"I don't know what I would do if it were me 10 years ago, but now I'm more like Jae-hoon," said the 46-year-old actor, adding that people change as time goes by. "I let everything go and fall into low spirits when faced with certain situations (of crisis) these days, thinking like 'What can I do in this situation?' That's why I really empathize with Jae-hoon."

This image provided by Warner Bros. Korea shows the poster for "A Single Rider" (Yonhap)   

This image provided by Warner Bros. Korea shows the poster for "A Single Rider" (Yonhap) 

Lee said he finds it more difficult but interesting to do a drama film like A Single Rider that follows a character's subtle emotions rather than action movies.

"Visual elements take up a lot of spectacle films, but movies like this one lose big if its main actors' tone of subtle emotions vary depending on their physical conditions. So I get more sensitive than usual when I have to shoot this kind of film."

 Filming of A Single Rider was demanding because it featured many close-up headshots of Lee. He appears in more than 90 percent of the whole film.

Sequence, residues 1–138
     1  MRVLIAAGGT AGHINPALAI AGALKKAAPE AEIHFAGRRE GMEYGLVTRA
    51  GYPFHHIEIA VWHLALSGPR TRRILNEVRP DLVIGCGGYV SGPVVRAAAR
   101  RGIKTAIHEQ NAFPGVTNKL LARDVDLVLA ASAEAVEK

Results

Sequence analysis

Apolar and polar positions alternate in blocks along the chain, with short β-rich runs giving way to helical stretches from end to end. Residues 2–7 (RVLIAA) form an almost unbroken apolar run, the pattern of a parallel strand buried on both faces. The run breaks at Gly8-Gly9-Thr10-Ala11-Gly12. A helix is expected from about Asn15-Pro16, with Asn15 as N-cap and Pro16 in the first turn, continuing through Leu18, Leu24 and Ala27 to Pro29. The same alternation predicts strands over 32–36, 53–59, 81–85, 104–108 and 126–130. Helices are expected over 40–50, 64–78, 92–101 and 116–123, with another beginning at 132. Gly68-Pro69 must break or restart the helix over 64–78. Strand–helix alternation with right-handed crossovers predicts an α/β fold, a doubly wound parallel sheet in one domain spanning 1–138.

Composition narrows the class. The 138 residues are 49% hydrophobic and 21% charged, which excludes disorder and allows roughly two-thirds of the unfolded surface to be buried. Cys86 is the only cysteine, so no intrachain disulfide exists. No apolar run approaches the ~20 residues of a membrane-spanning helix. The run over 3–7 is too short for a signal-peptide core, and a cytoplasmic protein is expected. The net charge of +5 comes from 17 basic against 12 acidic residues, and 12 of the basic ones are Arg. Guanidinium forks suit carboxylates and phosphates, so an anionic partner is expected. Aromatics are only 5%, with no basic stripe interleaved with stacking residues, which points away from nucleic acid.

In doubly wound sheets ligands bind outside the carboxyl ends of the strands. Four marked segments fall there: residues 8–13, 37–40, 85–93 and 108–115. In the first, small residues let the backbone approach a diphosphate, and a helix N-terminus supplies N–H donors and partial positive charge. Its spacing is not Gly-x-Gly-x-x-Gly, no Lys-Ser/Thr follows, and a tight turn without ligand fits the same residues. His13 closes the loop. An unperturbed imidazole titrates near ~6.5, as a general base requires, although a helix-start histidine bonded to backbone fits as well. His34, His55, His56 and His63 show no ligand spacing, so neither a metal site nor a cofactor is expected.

"I expected to be able to refresh myself while filming in Australia, but it was harder to work there because I was not given days off."

 The actor praised the film during the entire one-hour interview, showing a strong affection for it.

"I don't think it would be fun for everyone. But for some viewers, I think it may become his or her life-long favorite," he said.

A Single Rider opens in local theaters on Wednesday. It is the second Korean-language film produced and presented by Warner Bros.

sshim@yna.co.kr

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Published on February 20, 2017 by Warnerbros. Korea

SINGLE RIDER Campaign Video

 

February 20, 2017

SINGLE RIDER: Please, No Spoiler

Source: Sports Chosun ++

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The cast of soon-to-be released SINGLE RIDER has asked audience to refrain from revealing the spoiler in the upcoming movie in a campaign video uploaded by Warner Bros. Korea on February 21. The movie which will be released on the 22nd is said to contain 'an element of surprise' and the production hopes that the situation will be kept to a minimum so that more moviegoers will enjoy watching SINGLE RIDER without being spoiled beforehand. (ELBH Google-translate)